Tag Archives: dominoes

Amazing Domino Rainbow Spiral

Happy Phun Phriday!  I bookmarked this a long time ago, and just re-discovered it.  For those of you new to the blog, I like to share random things on Fridays that usually have very little to do with education.  I suppose you could have your students do some math with this – or you can just enjoy it!

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Dominoes

For today’s Phun Phriday post, I have a couple of amazing videos created by people who have way more imagination, time, and dominoes than I do!  Both of these videos come courtesy of LaughingSquid.com.  Some dominoes sources are: Marbles, The Brain Store and Bulk Dominoes (recommended by Hevesh5, who created the 1st video).

http://laughingsquid.com/22000-dominoes-fall-in-mind-bogglingly-elaborate-setup-by-hevesh5/

 

http://laughingsquid.com/37-elaborately-linked-setups-of-falling-dominoes-featuring-an-incredible-number-of-domino-rally-stunts/

Domino Chain Reaction

For today’s Fun Friday post, I am sharing a video I originally found on The Kid Should See This.
I must admit that I’ve always found it fascinating to watch domino chain reactions, but never really thought about the physics involved.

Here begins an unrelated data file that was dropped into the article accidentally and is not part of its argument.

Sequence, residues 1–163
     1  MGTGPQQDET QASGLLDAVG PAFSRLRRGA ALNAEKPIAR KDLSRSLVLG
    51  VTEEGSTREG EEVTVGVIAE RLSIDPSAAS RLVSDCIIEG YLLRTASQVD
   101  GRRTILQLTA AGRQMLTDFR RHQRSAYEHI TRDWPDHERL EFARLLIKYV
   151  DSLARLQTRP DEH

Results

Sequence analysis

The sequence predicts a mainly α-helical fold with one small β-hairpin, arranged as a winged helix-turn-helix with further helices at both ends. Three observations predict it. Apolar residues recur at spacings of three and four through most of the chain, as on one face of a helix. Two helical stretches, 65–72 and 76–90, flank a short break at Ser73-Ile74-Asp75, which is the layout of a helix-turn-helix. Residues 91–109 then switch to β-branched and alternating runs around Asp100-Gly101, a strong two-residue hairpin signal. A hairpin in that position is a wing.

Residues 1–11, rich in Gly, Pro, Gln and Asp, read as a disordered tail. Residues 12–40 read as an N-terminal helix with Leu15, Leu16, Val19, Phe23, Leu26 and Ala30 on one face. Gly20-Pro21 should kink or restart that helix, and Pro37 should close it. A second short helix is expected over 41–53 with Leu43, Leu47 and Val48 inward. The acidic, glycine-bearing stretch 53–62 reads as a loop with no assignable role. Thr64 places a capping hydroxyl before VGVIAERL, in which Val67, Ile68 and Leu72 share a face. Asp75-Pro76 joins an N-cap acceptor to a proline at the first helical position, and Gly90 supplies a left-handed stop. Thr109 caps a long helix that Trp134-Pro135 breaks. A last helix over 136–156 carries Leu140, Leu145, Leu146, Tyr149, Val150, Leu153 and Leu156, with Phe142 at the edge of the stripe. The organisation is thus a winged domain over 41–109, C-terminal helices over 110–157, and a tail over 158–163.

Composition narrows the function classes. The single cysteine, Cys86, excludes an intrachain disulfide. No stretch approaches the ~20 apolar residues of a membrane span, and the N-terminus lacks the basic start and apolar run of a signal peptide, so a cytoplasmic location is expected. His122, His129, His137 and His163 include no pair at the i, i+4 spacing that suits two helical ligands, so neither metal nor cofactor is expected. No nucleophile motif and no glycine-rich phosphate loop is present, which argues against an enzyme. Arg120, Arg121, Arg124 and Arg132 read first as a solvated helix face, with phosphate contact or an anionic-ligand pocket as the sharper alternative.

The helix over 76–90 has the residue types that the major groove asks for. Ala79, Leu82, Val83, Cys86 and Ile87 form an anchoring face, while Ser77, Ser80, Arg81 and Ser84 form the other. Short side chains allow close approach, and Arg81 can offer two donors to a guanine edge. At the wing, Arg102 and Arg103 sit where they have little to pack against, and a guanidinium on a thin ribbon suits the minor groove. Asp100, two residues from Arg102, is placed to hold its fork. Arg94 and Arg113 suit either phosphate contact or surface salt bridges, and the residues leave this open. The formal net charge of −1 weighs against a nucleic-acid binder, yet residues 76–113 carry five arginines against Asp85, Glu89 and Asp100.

While I was grabbing the embed code for this video, I noticed quite a few other video suggestions on the side. As always, I would caution adults to preview any videos before showing them to the class. Another video that employs the use of a domino chain reaction that has been making the internet rounds recently is “Dog Goldberg Machine.” It’s an advertisement for Beneful, but quite clever (and cute!)

Got any dominoes around the house? Playing the game or making the chain reaction are both great activities for a rainy – or super hot – day!

Drawminos

Drawminos is a website that allows you to choose from some “Favorites”, allowing you to drop a ball, and to see the shape created by the toppled dominoes.  The part that I think will engage many students, though, is the “Create” part, in which you can design your own shape to be revealed once the ball is rolled.  It takes some planning and patience to arrange the dominoes how you would like in order to achieve your final design.  Once done, though, you can save your design online, and receive a URL for its specific location.  This could be a great way to introduce a topic, or to have students integrate their learning, their creativity, and their understanding of Physics!